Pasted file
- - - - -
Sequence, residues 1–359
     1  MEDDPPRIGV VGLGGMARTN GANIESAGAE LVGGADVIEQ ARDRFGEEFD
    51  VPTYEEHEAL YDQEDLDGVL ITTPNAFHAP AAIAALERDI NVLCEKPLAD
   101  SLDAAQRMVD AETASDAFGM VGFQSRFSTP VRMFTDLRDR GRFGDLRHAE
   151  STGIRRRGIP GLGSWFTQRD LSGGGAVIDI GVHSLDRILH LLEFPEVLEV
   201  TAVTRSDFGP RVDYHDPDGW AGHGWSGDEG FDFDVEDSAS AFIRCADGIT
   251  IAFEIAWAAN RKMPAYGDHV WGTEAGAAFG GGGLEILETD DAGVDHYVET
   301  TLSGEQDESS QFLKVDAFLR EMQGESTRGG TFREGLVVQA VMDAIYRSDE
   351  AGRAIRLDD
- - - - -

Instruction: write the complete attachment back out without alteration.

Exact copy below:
Sequence, residues 1–359
     1  MEDDPPRIGV VGLGGMARTN GANIESAGAE LVGGADVIEQ ARDRFGEEFD
    51  VPTYEEHEAL YDQEDLDGVL ITTPNAFHAP AAIAALERDI NVLCEKPLAD
   101  SLDAAQRMVD AETASDAFGM VGFQSRFSTP VRMFTDLRDR GRFGDLRHAE
   151  STGIRRRGIP GLGSWFTQRD LSGGGAVIDI GVHSLDRILH LLEFPEVLEV
   201  TAVTRSDFGP RVDYHDPDGW AGHGWSGDEG FDFDVEDSAS AFIRCADGIT
   251  IAFEIAWAAN RKMPAYGDHV WGTEAGAAFG GGGLEILETD DAGVDHYVET
   301  TLSGEQDESS QFLKVDAFLR EMQGESTRGG TFREGLVVQA VMDAIYRSDE
   351  AGRAIRLDD